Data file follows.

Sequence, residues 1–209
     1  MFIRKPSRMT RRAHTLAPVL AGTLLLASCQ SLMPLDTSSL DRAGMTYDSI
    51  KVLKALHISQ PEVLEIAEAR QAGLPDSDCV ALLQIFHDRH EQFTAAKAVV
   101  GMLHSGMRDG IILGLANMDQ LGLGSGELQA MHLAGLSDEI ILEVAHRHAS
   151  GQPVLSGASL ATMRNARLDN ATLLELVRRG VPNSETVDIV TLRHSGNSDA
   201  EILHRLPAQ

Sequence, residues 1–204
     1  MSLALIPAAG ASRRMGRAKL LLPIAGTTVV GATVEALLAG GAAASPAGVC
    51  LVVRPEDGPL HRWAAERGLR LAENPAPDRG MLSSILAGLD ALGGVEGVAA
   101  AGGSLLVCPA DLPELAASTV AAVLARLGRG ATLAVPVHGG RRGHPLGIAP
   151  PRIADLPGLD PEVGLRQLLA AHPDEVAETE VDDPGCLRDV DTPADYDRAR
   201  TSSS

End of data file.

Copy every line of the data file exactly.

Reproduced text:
Sequence, residues 1–209
     1  MFIRKPSRMT RRAHTLAPVL AGTLLLASCQ SLMPLDTSSL DRAGMTYDSI
    51  KVLKALHISQ PEVLEIAEAR QAGLPDSDCV ALLQIFHDRH EQFTAAKAVV
   101  GMLHSGMRDG IILGLANMDQ LGLGSGELQA MHLAGLSDEI ILEVAHRHAS
   151  GQPVLSGASL ATMRNARLDN ATLLELVRRG VPNSETVDIV TLRHSGNSDA
   201  EILHRLPAQ

Sequence, residues 1–204
     1  MSLALIPAAG ASRRMGRAKL LLPIAGTTVV GATVEALLAG GAAASPAGVC
    51  LVVRPEDGPL HRWAAERGLR LAENPAPDRG MLSSILAGLD ALGGVEGVAA
   101  AGGSLLVCPA DLPELAASTV AAVLARLGRG ATLAVPVHGG RRGHPLGIAP
   151  PRIADLPGLD PEVGLRQLLA AHPDEVAETE VDDPGCLRDV DTPADYDRAR
   201  TSSS